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How To Overcome Writer's Block

Creative constipation is painful, but you can work through it.

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Some may argue that writer's block is not a real thing, that the only problem is that people want an excuse not to write, or something to blame bad writing on... but I don't think that's the case.

I think writer's block is real and can be really scary and upsetting if you don't know what to do to fix it; but do not fret! There are some very simple tricks you can use to overcome those pesky obstacles that come your way. Here are a few that I've found very helpful.

1. Accept that you have writer's block.

The worst thing you can do when you have a block is deny that you are at a loss for what to write. Start by accepting that you are stuck, and try not to see the block as an end all be all of your writing. This way it will be much easier to overcome.

2. Write down anything and everything.

Carry a notebook with you whenever you can, or type out your ideas on your phone or computer. The point is, write down your ideas when they come to you, no matter how silly they may feel.

Which leads me to trick number 3...

3. Don't worry about how your ideas sound.

Remember that your writing is yours, and if you're worried about how it sounds, you don't have to show it to anyone. So write. Then, if you feel like your idea is good, you can show it off. If not, delete the document or tear up your pages. There is no harm caused by trying an idea out.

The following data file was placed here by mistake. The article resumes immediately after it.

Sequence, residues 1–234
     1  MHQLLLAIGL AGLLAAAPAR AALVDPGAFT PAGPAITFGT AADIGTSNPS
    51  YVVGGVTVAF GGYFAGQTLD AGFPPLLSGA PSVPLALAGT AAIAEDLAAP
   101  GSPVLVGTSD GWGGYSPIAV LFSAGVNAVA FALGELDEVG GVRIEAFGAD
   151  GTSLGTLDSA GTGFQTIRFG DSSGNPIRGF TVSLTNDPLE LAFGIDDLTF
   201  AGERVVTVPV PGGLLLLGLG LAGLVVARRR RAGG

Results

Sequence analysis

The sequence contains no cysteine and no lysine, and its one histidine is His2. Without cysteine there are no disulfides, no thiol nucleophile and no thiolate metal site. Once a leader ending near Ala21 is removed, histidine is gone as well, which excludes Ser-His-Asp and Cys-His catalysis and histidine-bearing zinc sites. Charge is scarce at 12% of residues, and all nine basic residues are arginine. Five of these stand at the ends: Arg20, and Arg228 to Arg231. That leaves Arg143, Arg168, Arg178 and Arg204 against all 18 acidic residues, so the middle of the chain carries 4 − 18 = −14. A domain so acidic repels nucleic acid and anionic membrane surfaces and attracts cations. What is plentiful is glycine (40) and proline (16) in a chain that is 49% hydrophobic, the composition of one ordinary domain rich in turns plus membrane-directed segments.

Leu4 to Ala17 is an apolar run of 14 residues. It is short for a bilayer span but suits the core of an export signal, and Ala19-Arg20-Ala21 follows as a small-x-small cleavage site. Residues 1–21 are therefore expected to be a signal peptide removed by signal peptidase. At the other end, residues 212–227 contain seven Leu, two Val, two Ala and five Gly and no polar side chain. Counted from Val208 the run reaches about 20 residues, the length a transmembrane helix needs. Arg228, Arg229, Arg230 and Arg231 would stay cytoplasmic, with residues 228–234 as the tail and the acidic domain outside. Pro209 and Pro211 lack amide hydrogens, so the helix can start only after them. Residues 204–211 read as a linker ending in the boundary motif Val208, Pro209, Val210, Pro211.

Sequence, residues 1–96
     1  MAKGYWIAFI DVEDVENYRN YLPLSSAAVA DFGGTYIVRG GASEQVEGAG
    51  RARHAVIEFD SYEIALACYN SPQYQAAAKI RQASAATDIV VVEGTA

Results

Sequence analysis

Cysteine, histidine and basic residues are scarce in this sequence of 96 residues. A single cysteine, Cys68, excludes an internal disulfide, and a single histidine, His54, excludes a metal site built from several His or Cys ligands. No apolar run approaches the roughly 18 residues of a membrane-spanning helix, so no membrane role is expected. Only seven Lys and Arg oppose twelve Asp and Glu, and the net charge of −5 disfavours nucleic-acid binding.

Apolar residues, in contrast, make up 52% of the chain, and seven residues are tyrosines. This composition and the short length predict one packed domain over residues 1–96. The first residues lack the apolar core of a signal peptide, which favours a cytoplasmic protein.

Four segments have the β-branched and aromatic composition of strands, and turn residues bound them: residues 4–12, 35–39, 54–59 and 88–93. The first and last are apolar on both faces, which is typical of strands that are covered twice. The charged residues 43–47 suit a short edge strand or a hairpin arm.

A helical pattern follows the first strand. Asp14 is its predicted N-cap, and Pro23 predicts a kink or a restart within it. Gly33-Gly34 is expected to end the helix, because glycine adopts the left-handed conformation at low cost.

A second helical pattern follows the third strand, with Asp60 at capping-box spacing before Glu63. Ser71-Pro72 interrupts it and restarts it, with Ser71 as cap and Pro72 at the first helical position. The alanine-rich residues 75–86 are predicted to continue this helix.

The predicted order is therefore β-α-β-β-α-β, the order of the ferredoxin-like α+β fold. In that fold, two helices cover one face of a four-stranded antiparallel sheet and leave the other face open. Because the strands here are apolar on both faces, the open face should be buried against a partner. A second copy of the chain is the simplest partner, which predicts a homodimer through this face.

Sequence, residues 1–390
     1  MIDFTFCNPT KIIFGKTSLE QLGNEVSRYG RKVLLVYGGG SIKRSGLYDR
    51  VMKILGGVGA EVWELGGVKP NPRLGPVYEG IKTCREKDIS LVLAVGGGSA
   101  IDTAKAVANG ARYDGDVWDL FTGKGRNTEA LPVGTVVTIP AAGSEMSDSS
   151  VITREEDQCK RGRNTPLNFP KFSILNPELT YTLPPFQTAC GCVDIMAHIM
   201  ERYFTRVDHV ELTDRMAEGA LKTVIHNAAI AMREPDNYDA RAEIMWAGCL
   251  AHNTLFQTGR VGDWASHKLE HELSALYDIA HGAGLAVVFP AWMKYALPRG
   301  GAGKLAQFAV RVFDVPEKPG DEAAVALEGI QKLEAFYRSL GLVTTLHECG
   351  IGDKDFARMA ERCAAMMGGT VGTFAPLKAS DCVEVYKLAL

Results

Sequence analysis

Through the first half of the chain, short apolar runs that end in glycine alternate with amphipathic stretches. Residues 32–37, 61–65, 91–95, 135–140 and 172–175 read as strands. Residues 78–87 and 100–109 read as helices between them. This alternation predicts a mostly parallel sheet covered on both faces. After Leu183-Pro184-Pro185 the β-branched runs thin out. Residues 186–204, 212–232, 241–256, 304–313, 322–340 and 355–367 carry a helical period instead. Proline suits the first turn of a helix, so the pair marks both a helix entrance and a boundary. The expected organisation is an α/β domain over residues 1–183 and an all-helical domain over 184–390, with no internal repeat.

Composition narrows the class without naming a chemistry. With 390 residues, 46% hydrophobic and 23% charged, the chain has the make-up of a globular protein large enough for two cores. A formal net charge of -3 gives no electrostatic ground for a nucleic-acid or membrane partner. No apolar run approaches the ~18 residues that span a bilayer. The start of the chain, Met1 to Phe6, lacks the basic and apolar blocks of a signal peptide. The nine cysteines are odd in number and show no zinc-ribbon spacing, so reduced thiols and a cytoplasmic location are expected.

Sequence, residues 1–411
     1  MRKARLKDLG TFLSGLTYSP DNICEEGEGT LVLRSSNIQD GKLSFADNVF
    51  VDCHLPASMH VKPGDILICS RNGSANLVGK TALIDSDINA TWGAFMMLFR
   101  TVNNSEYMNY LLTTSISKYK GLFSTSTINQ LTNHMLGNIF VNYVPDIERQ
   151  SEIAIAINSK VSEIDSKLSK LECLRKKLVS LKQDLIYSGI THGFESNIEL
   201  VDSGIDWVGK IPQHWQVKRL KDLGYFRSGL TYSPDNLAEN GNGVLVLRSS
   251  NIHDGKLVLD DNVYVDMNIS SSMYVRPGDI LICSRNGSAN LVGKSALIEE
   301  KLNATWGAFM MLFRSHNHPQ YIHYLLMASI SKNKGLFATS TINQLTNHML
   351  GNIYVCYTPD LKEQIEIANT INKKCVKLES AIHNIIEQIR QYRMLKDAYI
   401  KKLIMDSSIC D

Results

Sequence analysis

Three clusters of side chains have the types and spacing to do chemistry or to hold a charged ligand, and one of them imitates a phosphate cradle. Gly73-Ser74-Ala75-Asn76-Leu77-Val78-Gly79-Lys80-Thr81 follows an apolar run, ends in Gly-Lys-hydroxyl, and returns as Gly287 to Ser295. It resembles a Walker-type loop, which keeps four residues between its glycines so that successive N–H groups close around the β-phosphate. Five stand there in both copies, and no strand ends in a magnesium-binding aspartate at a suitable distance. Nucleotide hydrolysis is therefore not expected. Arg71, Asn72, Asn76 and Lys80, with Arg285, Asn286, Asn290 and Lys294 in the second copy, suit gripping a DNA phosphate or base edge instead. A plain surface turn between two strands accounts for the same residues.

4. Try jumping to another part of your plot.

You don't need to write in order, you just need to keep with a main idea. If you're stuck on a part of a story, and don't know how to get to the next part, try skipping what you're stuck on and go to the next event.

5. Take a break.

Meditate, go for a walk, drink a cup of coffee, go out with your friends, talk to your parents... just do something that will take your mind off of your story, and you might feel inspired again!

6. Find inspiration in your day to day life.

Reflect on your own life. Think about your favourite memories, or the people in your life. They can be sources of inspiration or good starting points for your imagination.

7. When in doubt, go back to basics.

Try a writing prompt, use an outline or a diagram, write dialogue, look over the rules of style and grammar. Technical writing elements might remind you what drew you to writing in the first place.

8. Edit**

**I suggest you don't edit while you write, but if you are really stuck, go ahead and do this.

Edit one of your other pieces to find your voice again, or go back to the work you're stuck on and edit what you've already written. This might spark some inspiration, and if it doesn't, you'll have advanced on editing at the very least.

Bill Watterson

My final words of advice are straightforward: no matter how bad your block is, no matter how bad you feel, whatever you do... DO NOT give up. You can get over your inspirational drought and you can find your spark again. The most productive thing you can do is write, just write until you have nothing left to say. Even if what you've written is short, full of mistakes, or similar to other work, you'll have gotten the ball rolling. If you go over what you have, you might be surprised. Write what makes you happy and you won't feel like its a chore.

I can't guarantee that these tips will help you get rid of your writer's block, but they will certainly begin the process. If you're confident and you believe in yourself you can get anything done.

Good luck and happy writing!

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